04 May 2011

Chimera Senate Candidate In Arizona

A Public Policy Polling survey indicates that three term Congresswoman Gabrielle Giffords (D-AZ 8th) is leading six term Congressman Jeff Flake (R-AZ 6th) in a hypothetical match-up to fill the seat of retiring Senator John Kyl (R-AZ).

Rep. Giffords rocketed to national prominence after an assassination attempt by an unstable left leaning gunman in January.  While her medical recovery has been remarkable considering that she was critically shot in the head, she has not returned to represent her district since the assassination attempt. In fact, only a fortnight after the shooting, Congresswoman Loretta Sanchez (D-CA 47th) made a move to boot Giffords off of the House Armed Services Committee, since Democrats had fewer committee slots in the minority and Giffords obviously would not be present.

The PPP results are not surprising after months of fawning press coverage in the shock of the shooting, her encouraging medical recovery and the soap opera as to whether Giffords would be healthy enough to attend the penultimate launch of the Space Shuttle, piloted by her husband Captain Mark Kelly.  The PPP survey is early within the election cycle, so it denotes more name recognition than organization or actual support.

The Senate has had its share of superannuated Senators who have struggled with serious health issues while in office. Senator Strom Thurmond (D & R SC) remained in the Upper Chamber until he hit the century mark despite his increasingly frail physical and mental condition.  Although it seemed that Senator Robert Byrd (D-WV) retained most of his formidable legislative wits during his 56 ½ years in the Senate, it seems that there was more of a determination by Byrd and voters to break the longest serving Senator record than to legislate.  There were concerns that after Senator Tim Johnson (D-SD) suffered a serious stroke in December 2006 that he would be unable to effectively govern.  But South Dakota voters re-elected him in 2008.  Sen. Johnson was able to return to work several months after the medical trauma and he has only missed 5% of recorded votes over his career.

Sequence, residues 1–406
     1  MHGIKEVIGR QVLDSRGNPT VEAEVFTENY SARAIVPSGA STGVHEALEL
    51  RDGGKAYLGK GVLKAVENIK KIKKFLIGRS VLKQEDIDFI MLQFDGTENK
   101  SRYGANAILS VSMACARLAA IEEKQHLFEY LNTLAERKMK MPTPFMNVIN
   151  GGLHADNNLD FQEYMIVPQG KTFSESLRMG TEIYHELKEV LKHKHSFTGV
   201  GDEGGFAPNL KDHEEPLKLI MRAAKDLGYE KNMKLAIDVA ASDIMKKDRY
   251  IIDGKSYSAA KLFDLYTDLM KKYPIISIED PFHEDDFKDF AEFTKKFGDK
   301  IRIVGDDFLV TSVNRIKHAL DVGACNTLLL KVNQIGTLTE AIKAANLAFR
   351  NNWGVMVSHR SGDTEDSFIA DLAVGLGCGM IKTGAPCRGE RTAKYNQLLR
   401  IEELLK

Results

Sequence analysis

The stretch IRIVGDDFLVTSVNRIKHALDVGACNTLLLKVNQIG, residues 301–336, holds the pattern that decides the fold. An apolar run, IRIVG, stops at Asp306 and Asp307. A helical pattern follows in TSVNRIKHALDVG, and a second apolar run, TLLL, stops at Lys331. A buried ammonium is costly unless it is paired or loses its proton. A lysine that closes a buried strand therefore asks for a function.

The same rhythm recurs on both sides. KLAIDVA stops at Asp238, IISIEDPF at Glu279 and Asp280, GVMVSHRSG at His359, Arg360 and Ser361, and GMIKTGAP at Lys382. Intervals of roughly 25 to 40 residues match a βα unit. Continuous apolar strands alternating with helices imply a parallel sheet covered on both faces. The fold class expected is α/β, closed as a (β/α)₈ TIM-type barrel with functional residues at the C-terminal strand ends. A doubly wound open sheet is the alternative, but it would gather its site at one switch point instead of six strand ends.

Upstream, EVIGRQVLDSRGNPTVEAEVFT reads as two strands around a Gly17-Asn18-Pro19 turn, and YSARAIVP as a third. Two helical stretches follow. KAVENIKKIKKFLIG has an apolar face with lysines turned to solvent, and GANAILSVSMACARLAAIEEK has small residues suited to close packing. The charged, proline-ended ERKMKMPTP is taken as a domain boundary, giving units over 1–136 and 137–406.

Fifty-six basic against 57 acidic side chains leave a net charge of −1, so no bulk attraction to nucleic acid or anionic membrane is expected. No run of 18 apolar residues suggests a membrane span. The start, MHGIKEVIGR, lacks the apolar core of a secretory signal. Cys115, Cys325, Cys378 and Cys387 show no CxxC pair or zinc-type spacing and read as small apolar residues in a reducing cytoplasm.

As she began her third term Rep. Giffords had developed a reputation as an attractive, youthful Blue Dog Democrat, but who had only won re-election by a slim 1.4%  In fact, Giffords voted against House Minority Leader Rep. Nancy Pelosi (D-CA 6th) just days before the attack, presumably to distance herself from the progressive Democrat caucus.  But those credentials comprise a pretty thin reed in order to base a Senate campaign.

Gifford’s district has lacked congressional representation for five months and presumably for the foreseeable future.  It is troubling to think that a politician who is not well enough to return to her elected role as legislator is now being touted for the Senate.  Until Giffords makes a Sherman-esque statement against running, it will retard other Democrats from entering the race.

Although Arizona does have a state statute regarding the vacancy of a public office if the duties are not discharged in 90 days.  But the state law might be constitutionally pre-empted by Congress’ ability in Article I, Section 5 of the U.S. Constitution which makes each chamber of Congress the judge of the qualifications of its members.  Besides, considering all of the sympathetic press from the Lamestream Media for Gifford’s condition, pressing this issue would be political suicide.

Psephologists deem the 2012 Election cycle as being difficult for Democrats as they will have to defend 22 of 33 seats up for election.  Democrat party hacks may consider Sen. Kyl’s retirement combined with tide of sympathy for Rep. Giffords as an opportunity for a pick up.  This is cynical politics which is selling a chimera candidate that voters see what they want in her figurehead.

May Gabrielle Giffords continue her medical recovery. God willing, she may be able to return to represent her constituents in Tuscon.  But Giffords should not be pushed into a Senate race that she can not vigorously campaign nor effectively legislate at this time.

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